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‘Ferocious animal’ of Portugal’s politics faces fresh controversy

Portugal’s brash ex-prime minister Jose Socrates, who once described himself as a “ferocious animal”, has again found himself wrapped up in controversy, held for questioning since last week in a fraud probe.

Socrates, pushed from power amid the financial crisis in 2011, was arrested Friday, becoming the first former premier of the country’s post-dictatorship period to be detained in a criminal case.

Along with three other suspects, including his chauffeur, Socrates is caught up in a probe targeting tax fraud, money laundering and corruption.

He appeared in court again Monday to answer questions, and his arrest has created waves in Portugal.

The case has presented another challenge for Socrates, who has argued he is a fearsome contender, describing himself as a “ferocious animal” when it comes to campaigning.

“I am not one to turn his back on difficulties, to run from a fight,” he has said.

He has been no stranger to controversy.

With his elegant bearing and mane of salt-and-pepper hair, his opponents say his choice to shorten his lengthy name to Socrates, like the ancient Greek philosopher, was no more than political marketing.

His full name is Jose Socrates Carvalho Pinto de Sousa, but after the rock music fan and avid jogger entered politics he dropped the rest.

Critics call him quick-tempered and authoritarian, yet his hunger to win helped the Socialists to victory in September 2009 despite major economic and social crises in Portugal.

Born to a middle class family in Vila Real in 1957, Socrates has said he was “awakened to politics” by the Carnation Revolution in 1974 which ended 48 years of military dictatorship in Portugal.

After a brief stint as a Social Democrat, he joined the Socialists in 1981. The divorced father of two children would go on to serve as a minister several times.

A civil engineer by training, he was first elected to parliament at the age of 30 and has held several cabinet posts, including that of environment minister under former prime minister Antonio Guterres.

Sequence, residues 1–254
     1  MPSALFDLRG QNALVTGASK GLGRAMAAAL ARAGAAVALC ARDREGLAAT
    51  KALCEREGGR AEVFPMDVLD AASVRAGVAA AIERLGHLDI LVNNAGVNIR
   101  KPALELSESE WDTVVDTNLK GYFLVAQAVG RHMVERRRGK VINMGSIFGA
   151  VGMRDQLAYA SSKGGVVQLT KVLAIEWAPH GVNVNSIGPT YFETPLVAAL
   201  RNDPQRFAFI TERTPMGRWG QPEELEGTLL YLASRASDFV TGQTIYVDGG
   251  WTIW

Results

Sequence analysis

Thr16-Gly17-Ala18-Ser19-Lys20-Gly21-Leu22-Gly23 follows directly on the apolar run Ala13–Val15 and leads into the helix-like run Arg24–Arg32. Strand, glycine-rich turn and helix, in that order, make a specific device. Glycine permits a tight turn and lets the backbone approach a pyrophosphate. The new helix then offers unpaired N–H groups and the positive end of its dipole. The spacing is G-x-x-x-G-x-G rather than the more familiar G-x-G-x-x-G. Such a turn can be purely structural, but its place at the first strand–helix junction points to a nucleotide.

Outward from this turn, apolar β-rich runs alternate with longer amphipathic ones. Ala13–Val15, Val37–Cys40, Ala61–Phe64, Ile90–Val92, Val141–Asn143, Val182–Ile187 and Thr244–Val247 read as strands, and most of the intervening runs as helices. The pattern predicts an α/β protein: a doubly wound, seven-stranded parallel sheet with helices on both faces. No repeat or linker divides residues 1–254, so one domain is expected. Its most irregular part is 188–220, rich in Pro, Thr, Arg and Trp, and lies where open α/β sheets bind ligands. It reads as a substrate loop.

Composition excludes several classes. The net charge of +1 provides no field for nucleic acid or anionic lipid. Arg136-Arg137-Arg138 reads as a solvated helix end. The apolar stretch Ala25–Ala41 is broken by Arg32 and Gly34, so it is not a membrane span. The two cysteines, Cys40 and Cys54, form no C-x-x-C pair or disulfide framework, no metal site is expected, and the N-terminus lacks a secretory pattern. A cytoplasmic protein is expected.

Despite his political success he became tangled in several controversies during his six years in power.

— Diploma questioned —

He has faced repeated questions over clearance he gave for the construction of a shopping mall on protected land near Lisbon when he was environment minister, just days before a 2002 general election in which the Socialists lost power.

An investigation into the so-called “Freeport” case, named after the shopping mall, was finally shelved in July 2010.

There have been questions, too, over the authenticity of his university degree.

Despite holding a minority in parliament he imposed three austerity plans in a row. Yet his efforts failed to convince financial markets of Portugal’s solvency.

Socrates led the Socialists to their first majority in parliament in 2005 just a year after he was elected leader of the party.

He managed to be re-elected in 2009 in the midst of the global economic downturn and stiff opposition to his austerity measures intended to rein in a ballooning public deficit, but lost the majority in parliament.

He resigned in 2011 after some six years in power when his party’s push for a fourth austerity plan fell apart. He resisted calling for international aid as the crisis hit the country.

After he left office Socrates studied philosophy in Paris and worked as a consultant to a Swiss pharmaceutical company before returning to Portugal to start a new career as a commentator on RTP public television.